Cage and peg gears are a certain style of gear mechanisms that are much easier to make, because they can be made cheaply out of wooden boards and dowels. However, they are not very good for high speed or high load situations because they are usually made with a lot of backlash and wiggle-room. Cage and peg gears are mostly used to transmit rotation between perpendicular axes. A peg gear is basically a disc with short pegs sticking out from it around its circumference (to form a spur gear), or on its face parallel to the axis of rotation (to form a bevel gear). The pegs in these gears act as the teeth, and contact one another to spin each of the gears. A cage consists of two discs with pegs running between them parallel to the axis of rotation. A cage gear can be used like a worm gear, as each of the dowels on the gear contact the pegs on a normal peg gear. However, this system can be driven from either end.
Step 15: Mutilated Gears
A mutilated gear is a gear whose tooth profile does not extend all the way around its pitch circle. Mutilated gears can be useful for many different purposes. In some cases, you may not need the entire tooth profile of a gear because the gear may never need to rotate 360 degrees, and you could have a linkage, beam, or other mechanism as part of the mutilated side of the gear. In other cases, you may want the mutilated gear to rotate 360 degrees, but you may not want it to be turning another gear all the time. If you rotate a mutilated gear with half its teeth missing, whose teeth mesh with a full spur gear at one rotation every 30 seconds, the spur gear will turn for 15 seconds, and then stay put for 15 seconds. In this way you can turn continuous rotational motion into discrete rotational motion, meaning that the input shaft turns continuously and the output shaft turns a little, and then stops, then turns again, then stops again, repeatedly.
Step 16: Non-Circular Gears
Although rare in industry, non-circular gears are pretty interesting mechanisms. The diameter of the gears where they are contacting each other change as the gears rotate, so the output speed of the system oscillates as the gears rotate. Non-circular gears can take almost any shape. If the two axes constraining the gears are fixed, then the sum of the radii of the gears at the point where they mesh should always be equal to the distance between the two axes.
Step 17: Ratchets
A ratchet is a fairly simple mechanism that only allows a gear to turn in one direction. A ratchet system consists of a gear (sometimes the teeth are different than the standard profile) with a small lever or latch that rotates about a pivot point and catches in the teeth of the gear. The latch is designed and oriented such that if the gear were to turn in one direction, the gear could spin freely and the latch would be pushed up by the teeth, but if the gear were to spin in the other direction, the latch would catch in the teeth of the gear and prevent it from moving.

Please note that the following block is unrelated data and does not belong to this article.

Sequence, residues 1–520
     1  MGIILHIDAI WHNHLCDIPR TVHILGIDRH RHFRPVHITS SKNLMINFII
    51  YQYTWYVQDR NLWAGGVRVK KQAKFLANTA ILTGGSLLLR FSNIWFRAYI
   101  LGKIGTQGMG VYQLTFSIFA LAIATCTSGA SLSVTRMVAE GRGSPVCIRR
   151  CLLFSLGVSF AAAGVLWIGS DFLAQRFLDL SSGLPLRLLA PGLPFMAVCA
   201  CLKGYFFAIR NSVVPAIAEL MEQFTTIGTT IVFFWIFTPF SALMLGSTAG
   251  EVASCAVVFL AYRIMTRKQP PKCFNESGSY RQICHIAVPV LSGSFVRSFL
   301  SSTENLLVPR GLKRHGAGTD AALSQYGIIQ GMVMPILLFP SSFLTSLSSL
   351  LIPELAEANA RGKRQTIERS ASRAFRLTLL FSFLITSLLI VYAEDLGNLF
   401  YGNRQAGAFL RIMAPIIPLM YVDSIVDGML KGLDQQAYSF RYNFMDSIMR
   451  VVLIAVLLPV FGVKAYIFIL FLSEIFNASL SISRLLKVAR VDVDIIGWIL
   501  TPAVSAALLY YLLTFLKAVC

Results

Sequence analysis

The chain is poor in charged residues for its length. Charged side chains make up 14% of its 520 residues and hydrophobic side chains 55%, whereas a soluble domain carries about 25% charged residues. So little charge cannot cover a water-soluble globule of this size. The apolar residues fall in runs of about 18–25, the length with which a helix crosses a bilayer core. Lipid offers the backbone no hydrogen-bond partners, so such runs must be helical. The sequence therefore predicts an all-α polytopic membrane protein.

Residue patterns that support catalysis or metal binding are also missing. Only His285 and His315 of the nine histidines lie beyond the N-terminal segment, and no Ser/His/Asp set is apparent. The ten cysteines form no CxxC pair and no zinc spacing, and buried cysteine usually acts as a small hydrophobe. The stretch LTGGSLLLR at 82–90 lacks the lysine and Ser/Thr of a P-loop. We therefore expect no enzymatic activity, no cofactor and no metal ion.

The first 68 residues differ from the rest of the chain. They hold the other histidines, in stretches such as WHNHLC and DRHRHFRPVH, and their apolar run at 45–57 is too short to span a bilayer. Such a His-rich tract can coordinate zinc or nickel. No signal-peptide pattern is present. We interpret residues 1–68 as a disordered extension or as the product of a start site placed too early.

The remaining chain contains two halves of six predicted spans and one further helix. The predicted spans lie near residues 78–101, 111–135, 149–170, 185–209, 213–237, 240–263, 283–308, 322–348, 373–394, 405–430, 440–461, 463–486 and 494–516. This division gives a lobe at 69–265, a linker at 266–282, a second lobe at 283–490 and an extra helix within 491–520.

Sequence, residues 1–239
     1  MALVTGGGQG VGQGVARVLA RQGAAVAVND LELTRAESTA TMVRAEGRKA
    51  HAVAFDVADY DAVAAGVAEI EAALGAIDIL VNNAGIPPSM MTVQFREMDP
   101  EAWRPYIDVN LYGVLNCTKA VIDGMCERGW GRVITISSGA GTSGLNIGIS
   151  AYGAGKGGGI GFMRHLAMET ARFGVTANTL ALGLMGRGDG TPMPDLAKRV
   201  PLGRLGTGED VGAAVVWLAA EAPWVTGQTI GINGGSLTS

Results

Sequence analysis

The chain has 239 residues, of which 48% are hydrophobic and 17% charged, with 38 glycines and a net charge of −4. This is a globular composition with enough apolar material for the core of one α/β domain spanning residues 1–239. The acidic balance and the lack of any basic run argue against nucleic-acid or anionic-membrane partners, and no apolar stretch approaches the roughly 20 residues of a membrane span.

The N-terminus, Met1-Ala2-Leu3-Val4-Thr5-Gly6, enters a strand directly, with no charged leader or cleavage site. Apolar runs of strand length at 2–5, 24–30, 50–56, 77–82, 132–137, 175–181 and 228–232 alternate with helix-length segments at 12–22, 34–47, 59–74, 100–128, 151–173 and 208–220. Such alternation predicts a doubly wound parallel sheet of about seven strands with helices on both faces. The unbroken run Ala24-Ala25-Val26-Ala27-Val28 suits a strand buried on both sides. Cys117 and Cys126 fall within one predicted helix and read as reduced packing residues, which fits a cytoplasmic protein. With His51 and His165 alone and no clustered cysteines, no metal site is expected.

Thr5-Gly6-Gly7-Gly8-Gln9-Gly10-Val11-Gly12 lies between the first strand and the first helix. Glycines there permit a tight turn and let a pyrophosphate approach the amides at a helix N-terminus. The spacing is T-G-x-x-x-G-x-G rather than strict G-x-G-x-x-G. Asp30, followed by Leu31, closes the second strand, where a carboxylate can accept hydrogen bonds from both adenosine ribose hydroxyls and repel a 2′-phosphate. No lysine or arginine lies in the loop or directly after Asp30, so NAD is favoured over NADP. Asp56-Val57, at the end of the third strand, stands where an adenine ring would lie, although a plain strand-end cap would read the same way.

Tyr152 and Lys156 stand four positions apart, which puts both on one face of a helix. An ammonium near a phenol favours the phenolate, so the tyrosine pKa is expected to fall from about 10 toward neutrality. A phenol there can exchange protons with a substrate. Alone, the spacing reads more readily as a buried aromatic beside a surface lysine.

Ratchets are useful in a variety of applications, because they allow force to be applied in one direction but not the other. These systems are common on bikes (how you can pedal forward to turn the wheels, but if you pedal backward the wheel will spin freely), some wrenches, and large winches that reel in loads.
Step 18: Clutches
Clutches are mechanisms found primarily in cars and other road vehicles, and they are used to change the speed of the output shaft, as well as disengage or engage the turning of the output shaft. A clutch mechanism involves at least two shafts, the input shaft, driven by a power source, and the output shaft, which drives the final mechanism. As an example, I'll explain a simple 2 gear clutch mechanism, referencing the image above. The input shaft would have two gears on it of different sizes (the two blue gears on the top shaft), and the output shaft contains two gears that mesh with the gears on the input shaft (the red and green gears), but can rotate freely around the output shaft, so they do not drive it. A clutch disc (the blue grooved piece in the middle) sits between the two gears, rotates with the output shaft, and can slide along it. If the clutch disc is pressed against the red gear, the output shaft would engage and turn at the speed defined by the gear ratio of that set of gears (3:2). If the clutch disc presses against the green gear, the output shaft drives at a different gear ratio, defined by that gear set (2:3). If the clutch disc sits between the two gears, then the output shaft is in neutral and is not being driven.